They're good at this, and you want to allow them to do this. There have been controversies at every level of competition; this is not going to be resolved quickly. There hasn't been enough work done on clarifying what those standards would need to be across the board. Maybe they need to be applied more on a case-by-case basis than having one length of time that's applied to everybody. I wonder if it's more complicated than it's been made out to be.
How should we understand stories of people who have transitioned, then transitioned back? What kind of attention should they get?
Mark Yarhouse: Sometimes it's referred to as de-transitioning. I haven't seen a very well-designed study that would show us how common that is. In the Netherlands, they recently published a report on 30 years of people using different interventions, including surgical procedures.
The rate of regret continues to be low. I don't think that you're seeing a dramatic rise in regret that would typically correspond with de-transitioning. You could have regrets about surgery and elect not to be transitioned. We need to study that more to see how common that is, but based on the rates of regret that were published more recently, I don't see a rise in that.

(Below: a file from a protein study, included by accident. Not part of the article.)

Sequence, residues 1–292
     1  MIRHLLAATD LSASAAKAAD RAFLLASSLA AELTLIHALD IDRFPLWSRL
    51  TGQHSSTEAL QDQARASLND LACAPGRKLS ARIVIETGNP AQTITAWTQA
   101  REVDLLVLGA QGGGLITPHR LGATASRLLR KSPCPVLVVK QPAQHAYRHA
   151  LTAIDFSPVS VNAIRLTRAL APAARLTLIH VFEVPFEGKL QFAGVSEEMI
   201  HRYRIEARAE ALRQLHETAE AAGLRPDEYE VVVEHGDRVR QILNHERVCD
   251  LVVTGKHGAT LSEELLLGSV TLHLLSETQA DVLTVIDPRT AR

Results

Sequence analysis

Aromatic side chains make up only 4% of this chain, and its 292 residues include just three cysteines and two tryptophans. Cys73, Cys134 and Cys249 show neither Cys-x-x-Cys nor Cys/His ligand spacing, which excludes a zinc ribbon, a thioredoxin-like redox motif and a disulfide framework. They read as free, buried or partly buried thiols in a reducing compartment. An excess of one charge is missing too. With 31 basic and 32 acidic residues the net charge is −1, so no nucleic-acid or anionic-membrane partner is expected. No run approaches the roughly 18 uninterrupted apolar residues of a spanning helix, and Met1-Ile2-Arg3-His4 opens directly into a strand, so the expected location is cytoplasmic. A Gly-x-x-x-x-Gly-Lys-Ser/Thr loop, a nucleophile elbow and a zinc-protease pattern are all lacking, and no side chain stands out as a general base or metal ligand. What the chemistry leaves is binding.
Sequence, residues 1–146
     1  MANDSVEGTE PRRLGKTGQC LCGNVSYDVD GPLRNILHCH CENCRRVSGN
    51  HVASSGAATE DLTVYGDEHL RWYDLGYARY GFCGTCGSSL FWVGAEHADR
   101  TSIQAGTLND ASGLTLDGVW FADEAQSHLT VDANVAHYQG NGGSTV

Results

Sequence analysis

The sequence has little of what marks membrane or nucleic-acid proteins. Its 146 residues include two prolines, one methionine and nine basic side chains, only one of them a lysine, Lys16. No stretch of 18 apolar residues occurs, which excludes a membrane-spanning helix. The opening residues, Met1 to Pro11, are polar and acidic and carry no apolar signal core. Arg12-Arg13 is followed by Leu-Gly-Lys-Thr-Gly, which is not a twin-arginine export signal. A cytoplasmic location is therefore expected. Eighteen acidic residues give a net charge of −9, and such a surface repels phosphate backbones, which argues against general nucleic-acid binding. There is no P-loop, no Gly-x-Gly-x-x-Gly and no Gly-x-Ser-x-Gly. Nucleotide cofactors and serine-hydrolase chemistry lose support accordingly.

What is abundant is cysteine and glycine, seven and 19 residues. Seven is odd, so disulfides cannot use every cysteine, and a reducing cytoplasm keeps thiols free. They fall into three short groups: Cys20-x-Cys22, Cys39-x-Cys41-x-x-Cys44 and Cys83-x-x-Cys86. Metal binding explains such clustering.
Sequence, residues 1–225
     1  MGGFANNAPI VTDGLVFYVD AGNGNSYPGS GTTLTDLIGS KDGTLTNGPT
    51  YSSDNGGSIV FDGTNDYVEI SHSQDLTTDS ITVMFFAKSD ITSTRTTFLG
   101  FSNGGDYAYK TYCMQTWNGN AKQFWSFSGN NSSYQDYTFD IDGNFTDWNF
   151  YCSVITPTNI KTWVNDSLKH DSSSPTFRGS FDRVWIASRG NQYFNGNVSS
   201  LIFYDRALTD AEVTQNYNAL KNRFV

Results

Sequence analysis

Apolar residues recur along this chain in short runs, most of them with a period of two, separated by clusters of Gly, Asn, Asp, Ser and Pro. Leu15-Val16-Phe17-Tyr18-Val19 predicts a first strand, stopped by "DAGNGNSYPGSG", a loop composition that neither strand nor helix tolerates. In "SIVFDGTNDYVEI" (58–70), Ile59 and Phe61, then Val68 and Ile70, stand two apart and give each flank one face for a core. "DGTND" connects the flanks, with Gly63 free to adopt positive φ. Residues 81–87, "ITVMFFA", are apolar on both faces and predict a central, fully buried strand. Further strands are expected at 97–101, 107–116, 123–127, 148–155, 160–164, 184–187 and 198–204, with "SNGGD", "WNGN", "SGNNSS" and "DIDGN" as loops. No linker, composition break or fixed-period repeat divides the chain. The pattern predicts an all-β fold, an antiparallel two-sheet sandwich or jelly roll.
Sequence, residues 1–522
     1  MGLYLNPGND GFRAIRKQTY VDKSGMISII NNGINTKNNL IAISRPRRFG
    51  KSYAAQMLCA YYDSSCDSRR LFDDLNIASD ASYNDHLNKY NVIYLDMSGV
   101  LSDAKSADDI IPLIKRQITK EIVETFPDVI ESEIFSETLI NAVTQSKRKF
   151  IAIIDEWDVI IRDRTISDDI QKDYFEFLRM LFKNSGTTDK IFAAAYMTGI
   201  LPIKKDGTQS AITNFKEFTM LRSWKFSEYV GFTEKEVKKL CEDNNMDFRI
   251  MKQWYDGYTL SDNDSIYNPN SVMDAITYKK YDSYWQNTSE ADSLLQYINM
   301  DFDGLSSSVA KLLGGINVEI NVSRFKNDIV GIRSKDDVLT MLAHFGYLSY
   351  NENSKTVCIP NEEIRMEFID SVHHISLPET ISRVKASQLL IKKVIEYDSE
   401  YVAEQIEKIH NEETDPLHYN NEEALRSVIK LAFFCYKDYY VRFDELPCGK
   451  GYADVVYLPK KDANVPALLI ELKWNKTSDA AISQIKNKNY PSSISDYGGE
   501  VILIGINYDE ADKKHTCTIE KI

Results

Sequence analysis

I am concerned that we could see a rise in that for the reasons that I've talked about: atypical presentations, late onset, the gender ratio flip towards more cases of female adolescents with later onset. Where will they be in five or 10 years? We don't know yet.
Most actually don't make medical transitions at this point, but if they were to, would we see a rise in regret? I'd be curious.
How do you recommend we pray for people who are experiencing gender dysphoria?
Mark Yarhouse: We pray for God to continue, if He's already been speaking to them, to continue to speak to them; to speak to me, to guide me, to help me know best how to see the person, to love this person, that they would know that they are loved by God. For me and them to have wisdom and discernment moving forward. For wisdom and discernment on how I relate to them as someone that God cares deeply about.
Those are the types of prayers that I pray. I also provide ministry outside of my role as a psychologist. That's been helpful to me in walking with people. I mentioned that most people don't make a medical transition at this point. I think in the last transgender survey, about 44% of something like 26,000 transgender persons had indicated that they were using hormone treatment and only about 25% had used any type of gender confirmation surgery.
That's been a helpful conversation to have in the back of my mind.